The strategic leadership of complex practice: opportunities and challenges
- MORRISON Tony
- Journal article citation:
- Child Abuse Review, 19(5), September 2010, pp.312-329.
Despite much rhetoric and investment in partnership working as a panacea for complex problems, relatively little is known about how strategic partnerships, such as Local Safeguarding Children Boards, actually engage with and improve front line practice and outcomes. Recent high profile cases in the UK have exposed the dangers of reliance on numerical performance data. Three issues are explored: the nature and impact of current context on knowledge about child protection; the impact of this on the capacity of partnerships, agencies and practitioners to learn from and improve practice; and specific strategies to develop more collective forms of knowing and learning in order to improve both understanding and capacity to learn from practice. The drivers for, and impact of, regulatory, media and political pressures on front-line practice and partnership behaviour are discussed in the context of the rise of organisational risk management and ‘rule-based’ responses. It is suggested that these are exacerbated by the volume of negative data about child protection systems which results in contagious ‘attention cascades’ leading to over-simplification of complex issues and rushed quick-fix solutions. The result, compliance-based responses designed to avoid ‘blame’, make it difficult to learn from, for example, serious case reviews and move on from an avoidance of future culpability to progressive improvement of knowledge, skills and practice. Improvements in practice will require strategic partnerships to engage with front-line staff to access practice narratives not just numbers. This calls for collective forms of knowing and reflecting and the paper concludes with examples.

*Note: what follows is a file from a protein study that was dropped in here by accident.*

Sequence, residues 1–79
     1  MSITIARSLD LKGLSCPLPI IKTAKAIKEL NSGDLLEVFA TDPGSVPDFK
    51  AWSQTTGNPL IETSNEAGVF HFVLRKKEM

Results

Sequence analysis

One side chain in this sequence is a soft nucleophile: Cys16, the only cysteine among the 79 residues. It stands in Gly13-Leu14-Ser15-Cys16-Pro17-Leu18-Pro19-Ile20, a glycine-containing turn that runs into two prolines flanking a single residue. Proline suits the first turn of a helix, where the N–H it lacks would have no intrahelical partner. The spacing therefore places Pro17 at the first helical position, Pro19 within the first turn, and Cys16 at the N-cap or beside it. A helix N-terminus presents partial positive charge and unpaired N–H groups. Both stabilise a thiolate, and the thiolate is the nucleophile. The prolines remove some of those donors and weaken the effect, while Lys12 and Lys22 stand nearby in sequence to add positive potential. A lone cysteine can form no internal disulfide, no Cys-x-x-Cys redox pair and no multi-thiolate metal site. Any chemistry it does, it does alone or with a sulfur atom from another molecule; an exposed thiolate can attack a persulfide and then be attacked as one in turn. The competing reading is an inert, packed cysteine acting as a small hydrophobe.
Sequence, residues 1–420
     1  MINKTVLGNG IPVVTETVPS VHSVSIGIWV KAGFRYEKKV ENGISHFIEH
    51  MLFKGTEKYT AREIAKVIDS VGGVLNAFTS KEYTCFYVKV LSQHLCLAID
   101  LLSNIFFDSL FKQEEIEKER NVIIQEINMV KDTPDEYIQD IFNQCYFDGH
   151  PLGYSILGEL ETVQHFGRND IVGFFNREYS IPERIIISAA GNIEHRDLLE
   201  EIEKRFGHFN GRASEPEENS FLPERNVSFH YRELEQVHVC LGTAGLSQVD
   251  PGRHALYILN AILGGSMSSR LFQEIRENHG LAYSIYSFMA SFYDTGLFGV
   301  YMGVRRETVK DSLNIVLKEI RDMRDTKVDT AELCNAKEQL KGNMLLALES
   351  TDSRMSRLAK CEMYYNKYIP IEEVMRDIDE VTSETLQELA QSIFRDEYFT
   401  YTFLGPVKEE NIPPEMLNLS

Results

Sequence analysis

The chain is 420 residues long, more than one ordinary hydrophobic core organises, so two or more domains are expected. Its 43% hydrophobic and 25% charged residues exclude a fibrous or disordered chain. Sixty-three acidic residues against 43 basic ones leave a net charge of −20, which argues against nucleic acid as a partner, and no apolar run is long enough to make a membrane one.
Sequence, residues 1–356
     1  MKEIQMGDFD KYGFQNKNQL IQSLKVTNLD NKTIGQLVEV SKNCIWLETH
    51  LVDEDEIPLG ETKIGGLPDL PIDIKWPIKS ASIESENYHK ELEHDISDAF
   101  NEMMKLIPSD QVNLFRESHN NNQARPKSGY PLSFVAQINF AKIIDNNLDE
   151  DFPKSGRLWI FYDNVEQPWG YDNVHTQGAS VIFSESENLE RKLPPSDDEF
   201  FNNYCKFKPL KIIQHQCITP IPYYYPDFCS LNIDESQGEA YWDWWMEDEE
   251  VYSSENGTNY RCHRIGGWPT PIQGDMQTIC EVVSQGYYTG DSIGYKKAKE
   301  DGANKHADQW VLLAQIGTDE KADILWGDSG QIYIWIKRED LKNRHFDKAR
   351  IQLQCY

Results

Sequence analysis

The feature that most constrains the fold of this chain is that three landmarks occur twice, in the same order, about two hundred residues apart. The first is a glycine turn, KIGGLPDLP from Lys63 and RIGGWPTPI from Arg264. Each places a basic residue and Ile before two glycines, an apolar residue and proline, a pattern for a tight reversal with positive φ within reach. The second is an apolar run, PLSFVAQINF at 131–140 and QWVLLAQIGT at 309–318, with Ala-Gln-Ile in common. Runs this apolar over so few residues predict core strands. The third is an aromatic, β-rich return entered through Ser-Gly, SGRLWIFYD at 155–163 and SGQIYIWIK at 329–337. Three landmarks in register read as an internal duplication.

- Subject terms:
- joint working, leadership, performance management, child protection;
- United Kingdom
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